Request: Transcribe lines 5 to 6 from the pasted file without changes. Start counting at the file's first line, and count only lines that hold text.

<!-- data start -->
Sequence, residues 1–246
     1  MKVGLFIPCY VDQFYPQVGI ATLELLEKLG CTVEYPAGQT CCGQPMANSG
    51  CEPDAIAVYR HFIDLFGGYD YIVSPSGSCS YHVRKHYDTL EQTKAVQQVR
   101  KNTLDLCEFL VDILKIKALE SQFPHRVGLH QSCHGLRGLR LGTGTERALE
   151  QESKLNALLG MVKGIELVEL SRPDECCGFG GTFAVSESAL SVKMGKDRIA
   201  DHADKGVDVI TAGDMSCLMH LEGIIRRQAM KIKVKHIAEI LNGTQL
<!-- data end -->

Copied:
   151  QESKLNALLG MVKGIELVEL SRPDECCGFG GTFAVSESAL SVKMGKDRIA
   201  DHADKGVDVI TAGDMSCLMH LEGIIRRQAM KIKVKHIAEI LNGTQL